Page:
"This book is a major contribution to the theory of bounded rationality. It illustrates that the surprising efficiency of fast and simple procedures is due to their fit with the structure of the environment in which they are used. The emphasis on this ecological rationality is an advance in a promising and already fruitful new direction of research."—Reinhard Selten, Professor of Economics at the University of Bonn, and Nobel Laureate in Economics

"In recent years, and particularly in the culture wars, many people have written about rationality. These authors now provide a summary of this recent history, organized on the basis of different types of decision making. In each case, the authors summarize the literature so as to provide an implicit history. But the book is more fundamentally aimed at making rationality workable by showing 'the way that real people make the majority of their inferences and decisions.'"—Journal of the History of the Behavioral Sciences

About the Author

Dr. Gerd Gigerenzer is the Director of the Center for Adaptive Behavior and Cognition, Max Planck Institute for Human Development. Dr. Peter M. Todd is Research Scientist at the Max Planck Institute for Human Development.

Product details

  • Format: Kindle Edition
  • File Size: 5764 KB
  • Print Length: 432 pages
  • Publisher: Oxford University Press; 1 edition (12 Oct. 2000)
  • Sold by: Amazon Media EU S.à r.l.
  • Language: English
  • ASIN: B000U8R31Q
  • Text-to-Speech: Enabled
  • X-Ray:
  • Word Wise: Not Enabled
  • Average Customer Review: 5.0 out of 5 stars  See all reviews (1 customer review)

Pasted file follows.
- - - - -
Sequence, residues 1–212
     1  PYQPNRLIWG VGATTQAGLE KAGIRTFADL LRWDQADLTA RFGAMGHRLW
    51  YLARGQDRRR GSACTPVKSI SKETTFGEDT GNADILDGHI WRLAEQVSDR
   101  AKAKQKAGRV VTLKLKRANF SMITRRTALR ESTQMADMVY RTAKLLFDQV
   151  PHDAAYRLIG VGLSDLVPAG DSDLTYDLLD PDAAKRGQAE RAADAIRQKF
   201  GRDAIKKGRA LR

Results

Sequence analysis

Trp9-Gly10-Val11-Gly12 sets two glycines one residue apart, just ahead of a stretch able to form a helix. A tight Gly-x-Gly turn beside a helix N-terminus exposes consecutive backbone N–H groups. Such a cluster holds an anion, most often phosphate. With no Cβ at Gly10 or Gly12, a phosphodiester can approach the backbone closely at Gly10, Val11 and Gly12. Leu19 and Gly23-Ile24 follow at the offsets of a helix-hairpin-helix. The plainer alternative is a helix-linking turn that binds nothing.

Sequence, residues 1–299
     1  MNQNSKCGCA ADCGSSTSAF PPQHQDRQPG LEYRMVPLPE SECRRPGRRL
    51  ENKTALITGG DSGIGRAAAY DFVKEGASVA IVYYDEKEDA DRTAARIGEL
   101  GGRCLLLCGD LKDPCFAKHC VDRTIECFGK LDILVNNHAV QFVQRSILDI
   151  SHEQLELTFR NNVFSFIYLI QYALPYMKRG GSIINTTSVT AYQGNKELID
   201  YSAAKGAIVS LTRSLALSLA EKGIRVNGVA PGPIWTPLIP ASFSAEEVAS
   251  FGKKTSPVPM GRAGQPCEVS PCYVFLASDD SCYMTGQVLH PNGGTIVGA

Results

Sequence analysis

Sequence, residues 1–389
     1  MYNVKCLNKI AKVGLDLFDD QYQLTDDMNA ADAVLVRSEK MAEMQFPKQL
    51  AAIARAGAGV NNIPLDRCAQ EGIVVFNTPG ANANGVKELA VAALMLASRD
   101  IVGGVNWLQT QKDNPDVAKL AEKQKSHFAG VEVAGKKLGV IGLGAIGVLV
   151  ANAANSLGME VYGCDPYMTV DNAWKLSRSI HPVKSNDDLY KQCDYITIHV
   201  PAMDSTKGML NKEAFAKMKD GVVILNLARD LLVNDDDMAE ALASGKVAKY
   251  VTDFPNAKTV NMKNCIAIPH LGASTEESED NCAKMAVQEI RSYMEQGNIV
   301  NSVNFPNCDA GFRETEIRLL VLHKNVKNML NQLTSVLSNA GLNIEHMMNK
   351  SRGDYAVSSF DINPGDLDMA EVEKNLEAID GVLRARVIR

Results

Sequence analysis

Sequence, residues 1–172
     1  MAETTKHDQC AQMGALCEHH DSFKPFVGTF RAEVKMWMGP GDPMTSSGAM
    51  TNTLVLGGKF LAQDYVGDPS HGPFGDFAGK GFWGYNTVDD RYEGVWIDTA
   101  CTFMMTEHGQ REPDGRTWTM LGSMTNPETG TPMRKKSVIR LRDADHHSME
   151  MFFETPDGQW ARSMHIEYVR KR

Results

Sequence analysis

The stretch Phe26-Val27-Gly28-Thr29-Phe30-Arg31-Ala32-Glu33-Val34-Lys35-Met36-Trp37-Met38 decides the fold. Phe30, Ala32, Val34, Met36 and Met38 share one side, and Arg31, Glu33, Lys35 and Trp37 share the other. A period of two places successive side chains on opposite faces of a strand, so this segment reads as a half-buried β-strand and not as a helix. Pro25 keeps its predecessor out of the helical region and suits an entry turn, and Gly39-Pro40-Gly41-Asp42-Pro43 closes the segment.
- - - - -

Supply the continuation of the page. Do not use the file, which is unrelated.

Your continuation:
• Amazon Bestsellers Rank: #464,779 Paid in Kindle Store (See Top 100 Paid in Kindle Store)
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5 of 7 people found the following review helpful
5.0 out of 5 stars excellent 2 Sept. 2009
Do not be put off by the academic format this is readable, challenging and enjoyable.
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Most Helpful Customer Reviews on (beta) 4.0 out of 5 stars  10 reviews
118 of 126 people found the following review helpful
4.0 out of 5 stars Statistical, Mathematical, Academic 21 Jan. 2002
By Mark Wieczorek - Published on
As someone interested in the practice and theory of decision making, I came upon this book via a number of "listmania" lists that reccomend it. The first few chapters got me excited about the subject matter. The authors promised to present a new model for decision making, one that was simple, and one that works.
The ensuing pages compare several theoretical models, such as Multiple Linear Regression and Dawes Rule to their own Take the First and Take the Best models.
Most of the tests were simulated on a computer. You would feed each decision making model into the computer, and then feed in various data for it to make decisions on. One popular test is "Which is the most populated German City." The computer had data on various German Cities with populations over 100,000. It also had several indicators, such as whether it has a soccer team, or a rail system, or is a state capital. The system would present two cities, with the indicators, and the decision making model would figure out which was the most populous one.